Portrait of the week
Nine men were charged with conspiracy to bomb London targets such as the Stock Exchange and the tower of Big Ben before Christmas.
The Spectator's portrait of 2010
Home Katia Zatuliveter, 25, a Russian working for Mike Hancock, a Liberal Democrat MP who sits on the House of…
The Office for Budget Responsibility said it thought economic growth for 2010 would be 1.8 per cent, not 1.2 per cent as it had previously predicted.
Britain is to lend Ireland up to £9 billion.
Portrait of the week - 20th November
Home David Cameron, the Prime Minister, visited China with four Cabinet ministers and 43 business leaders. He said he hoped…
Home A bomb was found at East Midlands airport.
The gross domestic product of the United Kingdom was 0.8 per cent greater in the third quarter of the year than in the previous quarter, which had seen a growth of 1.2 per cent; the new figure was higher than expected.
Home The coalition government announced cuts under the Comprehensive Spending Review of £23.1 billion, or 3.3 per cent of total…
Universities in England should be able to charge unlimited fees, according to a report by Lord Browne of Madingley; students would start repaying loans when their earnings reached £21,000.
Home At the beginning of the Conservative party conference in Birmingham, George Osborne, the Chancellor of the Exchequer, announced on the radio that from 2013 child benefits would be withdrawn from any family where one parent earns more than about £44,000 a year.
The Spectator's portrait of the week
Pope Benedict XVI was expected to conclude a four-day state visit to Britain with the beatification of Cardinal Newman in Birmingham, after addressing Parliament at Westminster Hall and meeting the Queen in Edinburgh.
Nearly six million people began to receive letters from HM Revenue & Customs telling them they had paid the wrong amount of tax.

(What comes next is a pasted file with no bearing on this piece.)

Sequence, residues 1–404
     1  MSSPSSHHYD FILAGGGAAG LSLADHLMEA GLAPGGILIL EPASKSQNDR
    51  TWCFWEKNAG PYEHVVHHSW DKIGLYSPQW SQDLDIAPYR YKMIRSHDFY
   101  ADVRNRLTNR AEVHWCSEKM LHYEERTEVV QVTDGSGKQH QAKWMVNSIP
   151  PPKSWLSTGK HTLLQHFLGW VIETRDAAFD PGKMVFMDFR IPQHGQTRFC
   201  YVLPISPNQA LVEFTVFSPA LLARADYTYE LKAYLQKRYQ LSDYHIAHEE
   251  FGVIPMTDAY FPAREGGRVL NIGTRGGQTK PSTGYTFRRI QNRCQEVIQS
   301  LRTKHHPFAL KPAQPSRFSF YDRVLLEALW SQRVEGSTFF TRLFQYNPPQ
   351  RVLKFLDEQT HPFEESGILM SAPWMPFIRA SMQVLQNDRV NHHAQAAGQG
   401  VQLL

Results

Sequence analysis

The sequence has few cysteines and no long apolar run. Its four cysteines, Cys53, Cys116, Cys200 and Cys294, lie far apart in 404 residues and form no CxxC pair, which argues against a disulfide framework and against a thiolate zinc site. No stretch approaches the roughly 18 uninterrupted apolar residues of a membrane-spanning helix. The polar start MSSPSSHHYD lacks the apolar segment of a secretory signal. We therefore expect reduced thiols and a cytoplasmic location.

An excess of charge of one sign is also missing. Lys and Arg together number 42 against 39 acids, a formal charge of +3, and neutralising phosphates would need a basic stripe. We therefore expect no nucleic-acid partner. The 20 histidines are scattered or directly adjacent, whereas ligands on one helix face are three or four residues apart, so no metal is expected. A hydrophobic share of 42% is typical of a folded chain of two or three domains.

Mr Tony Blair, the former prime minister, published his political memoir, A Journey, in which he said that Mr Gordon Brown drove him to drink, but not an ‘excessively excessive’ amount: ‘The curse of Gordon was to make these people co-conspirators, not free-range thinkers.
Mr Michael O’Higgins, the chairman of the Audit Commission, denied accusations made by Mr Eric Pickles, the Communities Secretary, of organisational extravagance exemplified by spending £5,943 to hire the Reform Club for a 25th anniversary event and £40,000 on pot plants for its offices.
Mr David Cameron, the Prime Minister, got no further than Buckingham-shire on his summer holiday before Mr Nick Clegg, the deputy Prime Minister, cast doubts on replacing Trident.
Mrs Anne Milton, the Health Minister, tried to abolish free milk for children under five in nurseries, as it costs £50 million a year and ‘there is no evidence that it improves the health of very young children’, but Downing Street said that Mr David Cameron, the Prime Minister ‘did not like the idea’, so it would not go ahead.
Mr David Cameron, the Prime Minister, and Mr Nick Clegg, the Deputy Prime Minister, rather oddly wrote a letter to the rest of the Cabinet.
Mr David Cameron, the Prime Minister, visited India, and on the way said he was ‘angry’ that negotiations for Turkey to join the European Union were so slow.
In a speech in Liverpool intended to relaunch his theme of the Big Society, as a ‘big advance for people power’, Mr David Cameron, the Prime Minister, said that, as part of a scheme to ‘turn government completely on its head’, four community schemes were being set up in Liverpool (a museum project); the Eden Valley, Westmorland (a pub); Windsor (parks); and the London borough of Sutton (youth and green projects).
General practitioners, operating in consortia under an independent commissioning board, are to take charge of 70 per cent of the National Health Service budget by 2013, with the abolition of all England’s ten strategic health authorities and the 152 primary care trusts, according to a White Paper.
The coalition government contemplated legislation to reduce Civil Service lay-off payments in prospect of large redundancies.
The government’s committee on public expenditure, otherwise known as Pex or the Star Chamber, gave departments a month to come up with spending cuts of up to 33 per cent.